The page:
First and foremost, I am a follower of Christ. His teachings form the foundation of my life. My life’s work is working with young people. My students call me “Coach” and it’s a title I love. I have been a head coach for over 40 seasons at all levels, including 19 seasons as both the high school men’s and women’s coach. As a teacher educator, I consider my classroom a practice field and my job, as a coach, is helping students get ready for their classrooms. At the high school, I started the Fellowship of Christian Athletes as soon as the US Supreme Court ruled that faith based organizations could exist in schools.
When I graduated from UVA I prayed that whatever college hired me that there would be a Fellowship of Christian Athletes. At Winthrop, my prayers were not answered as I wished. However, I asked my students if they knew anyone who was interested. With three students we started an FCA open to anyone. We had our own praise band and over 100 students coming to meetings. Overtime the national FCA wanted to focus on athletes so I looked for another way to serve God. That is how I became associated with CRU.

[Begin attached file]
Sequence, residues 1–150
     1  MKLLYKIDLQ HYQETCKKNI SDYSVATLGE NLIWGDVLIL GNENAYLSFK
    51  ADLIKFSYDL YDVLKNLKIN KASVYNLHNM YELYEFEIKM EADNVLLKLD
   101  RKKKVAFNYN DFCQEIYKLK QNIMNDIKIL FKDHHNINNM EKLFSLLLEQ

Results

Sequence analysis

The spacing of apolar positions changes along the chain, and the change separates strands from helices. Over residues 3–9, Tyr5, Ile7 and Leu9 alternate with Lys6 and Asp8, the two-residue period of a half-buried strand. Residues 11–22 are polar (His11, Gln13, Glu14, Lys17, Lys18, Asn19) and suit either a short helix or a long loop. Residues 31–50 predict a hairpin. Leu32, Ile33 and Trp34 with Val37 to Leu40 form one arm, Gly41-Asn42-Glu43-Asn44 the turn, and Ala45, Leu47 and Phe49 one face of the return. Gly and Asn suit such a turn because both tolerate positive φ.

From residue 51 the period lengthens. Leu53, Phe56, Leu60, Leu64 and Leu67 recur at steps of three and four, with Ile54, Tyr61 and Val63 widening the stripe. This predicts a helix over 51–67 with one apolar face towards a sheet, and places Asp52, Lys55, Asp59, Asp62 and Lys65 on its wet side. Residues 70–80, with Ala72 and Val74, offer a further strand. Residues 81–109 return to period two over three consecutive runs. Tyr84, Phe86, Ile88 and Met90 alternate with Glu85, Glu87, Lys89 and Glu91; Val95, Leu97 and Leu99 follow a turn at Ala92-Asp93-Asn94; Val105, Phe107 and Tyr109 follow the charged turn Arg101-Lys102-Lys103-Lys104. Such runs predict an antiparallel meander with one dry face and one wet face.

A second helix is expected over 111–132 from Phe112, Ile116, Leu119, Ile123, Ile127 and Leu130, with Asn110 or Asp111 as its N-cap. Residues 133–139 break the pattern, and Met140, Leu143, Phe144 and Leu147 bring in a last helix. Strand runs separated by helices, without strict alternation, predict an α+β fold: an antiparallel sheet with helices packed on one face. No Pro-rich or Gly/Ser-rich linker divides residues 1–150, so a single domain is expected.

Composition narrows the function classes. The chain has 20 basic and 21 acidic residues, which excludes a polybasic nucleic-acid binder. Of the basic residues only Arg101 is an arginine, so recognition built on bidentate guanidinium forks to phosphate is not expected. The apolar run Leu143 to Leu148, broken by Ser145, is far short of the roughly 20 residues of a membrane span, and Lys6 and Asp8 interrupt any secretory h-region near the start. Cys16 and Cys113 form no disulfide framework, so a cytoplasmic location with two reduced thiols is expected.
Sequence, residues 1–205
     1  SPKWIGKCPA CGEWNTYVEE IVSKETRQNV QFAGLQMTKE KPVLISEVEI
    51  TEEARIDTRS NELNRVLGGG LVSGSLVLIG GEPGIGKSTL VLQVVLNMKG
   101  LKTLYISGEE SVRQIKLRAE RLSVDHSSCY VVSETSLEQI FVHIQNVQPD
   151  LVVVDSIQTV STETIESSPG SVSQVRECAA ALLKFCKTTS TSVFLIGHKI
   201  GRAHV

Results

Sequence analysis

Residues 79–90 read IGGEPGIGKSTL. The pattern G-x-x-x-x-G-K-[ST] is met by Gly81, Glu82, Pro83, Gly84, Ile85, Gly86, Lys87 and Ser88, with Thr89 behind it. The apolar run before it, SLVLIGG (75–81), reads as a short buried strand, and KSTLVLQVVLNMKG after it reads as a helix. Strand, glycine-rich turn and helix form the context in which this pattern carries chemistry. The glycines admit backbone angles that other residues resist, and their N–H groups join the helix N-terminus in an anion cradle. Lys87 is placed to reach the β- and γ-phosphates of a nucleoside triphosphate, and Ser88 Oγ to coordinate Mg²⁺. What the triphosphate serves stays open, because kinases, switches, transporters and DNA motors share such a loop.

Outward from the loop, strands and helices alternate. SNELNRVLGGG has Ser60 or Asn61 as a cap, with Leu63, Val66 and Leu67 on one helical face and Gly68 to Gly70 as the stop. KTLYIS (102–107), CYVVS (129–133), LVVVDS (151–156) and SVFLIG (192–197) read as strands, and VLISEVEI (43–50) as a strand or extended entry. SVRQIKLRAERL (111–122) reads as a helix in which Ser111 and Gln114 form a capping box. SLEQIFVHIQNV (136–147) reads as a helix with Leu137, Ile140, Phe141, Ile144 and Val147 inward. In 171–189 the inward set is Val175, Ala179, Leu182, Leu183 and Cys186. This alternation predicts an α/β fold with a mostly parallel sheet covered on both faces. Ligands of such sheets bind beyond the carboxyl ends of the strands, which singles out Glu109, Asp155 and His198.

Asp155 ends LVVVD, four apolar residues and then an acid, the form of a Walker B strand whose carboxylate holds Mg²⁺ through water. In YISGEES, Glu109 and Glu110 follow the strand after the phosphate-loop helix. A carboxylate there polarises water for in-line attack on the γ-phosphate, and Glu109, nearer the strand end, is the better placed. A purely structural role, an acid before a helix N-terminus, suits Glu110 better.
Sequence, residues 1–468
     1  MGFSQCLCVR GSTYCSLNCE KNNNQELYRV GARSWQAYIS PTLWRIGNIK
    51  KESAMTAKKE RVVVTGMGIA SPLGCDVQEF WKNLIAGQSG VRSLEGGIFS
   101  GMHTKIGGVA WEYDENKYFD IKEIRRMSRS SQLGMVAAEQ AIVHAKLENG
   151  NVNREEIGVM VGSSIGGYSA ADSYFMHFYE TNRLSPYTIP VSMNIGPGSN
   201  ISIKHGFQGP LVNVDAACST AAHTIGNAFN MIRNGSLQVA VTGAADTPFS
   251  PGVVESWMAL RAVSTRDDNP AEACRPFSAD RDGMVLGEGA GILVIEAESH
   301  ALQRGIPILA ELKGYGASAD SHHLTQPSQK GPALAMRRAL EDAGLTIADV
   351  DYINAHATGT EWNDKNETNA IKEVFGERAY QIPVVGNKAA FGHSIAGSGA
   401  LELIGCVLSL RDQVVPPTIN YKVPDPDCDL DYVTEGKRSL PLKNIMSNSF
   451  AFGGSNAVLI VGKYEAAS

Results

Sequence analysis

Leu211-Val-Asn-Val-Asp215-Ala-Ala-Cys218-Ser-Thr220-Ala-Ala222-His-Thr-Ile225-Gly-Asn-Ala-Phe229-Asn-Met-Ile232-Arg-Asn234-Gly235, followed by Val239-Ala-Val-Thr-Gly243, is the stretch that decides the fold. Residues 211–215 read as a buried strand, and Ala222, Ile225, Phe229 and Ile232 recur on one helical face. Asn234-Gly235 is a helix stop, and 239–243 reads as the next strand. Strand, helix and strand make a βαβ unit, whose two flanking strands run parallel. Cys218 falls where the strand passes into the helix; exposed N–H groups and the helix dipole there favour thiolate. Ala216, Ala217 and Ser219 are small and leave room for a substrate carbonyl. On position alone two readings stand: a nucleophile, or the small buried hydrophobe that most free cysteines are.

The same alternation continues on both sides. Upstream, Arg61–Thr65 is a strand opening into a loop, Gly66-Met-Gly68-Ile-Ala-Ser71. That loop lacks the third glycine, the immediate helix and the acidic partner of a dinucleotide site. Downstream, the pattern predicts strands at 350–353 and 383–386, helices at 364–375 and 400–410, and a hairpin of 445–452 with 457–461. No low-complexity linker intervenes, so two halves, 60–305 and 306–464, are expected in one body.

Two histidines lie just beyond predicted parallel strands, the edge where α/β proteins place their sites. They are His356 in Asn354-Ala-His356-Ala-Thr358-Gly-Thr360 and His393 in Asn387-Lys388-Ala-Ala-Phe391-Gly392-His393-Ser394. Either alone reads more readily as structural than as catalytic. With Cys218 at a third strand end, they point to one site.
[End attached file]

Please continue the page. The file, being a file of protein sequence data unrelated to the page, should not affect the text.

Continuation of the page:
Serving God has been important to me since I was young. I became a Christian when I was 17, but at a church I was visiting, and my own church did not discuss having a personal relationship with Christ. So, I faded. While in college I started to question my own faith, and wonder if it was true and began to question why others were Christians.
Moving from Oregon to Charlotte and working in the business world, waiting for the teaching market to open up, I began to meet very successful and strong men who were Christian. These men had everything in their professional and personal life but chose to follow Christ. At the same time, I also met a young woman who was a strong Christian (now my wife) and these two influences renewed a desire to find faith. One of my biggest challenges were the questions I had about God, Christ, and the Bible.
However, when I decided to follow Christ I began to study and research and found that it was true. I consider myself an “intellectual” Christian and continue to study and do research. I started teaching Bible classes in my twenties and continue now. At one point, I prayed to go to seminary so that I could become a minister. That prayer was not answered then.
However, in 2016 my church honored me by ordaining me as a full minister. One of the best parts of this honor, is that I have been able to officiate marriages for a number of Winthrop students. I also am the Chaplain at Camp Thunderbird a residential summer camp I am more than happy to discuss my faith or answer any questions anyone may have.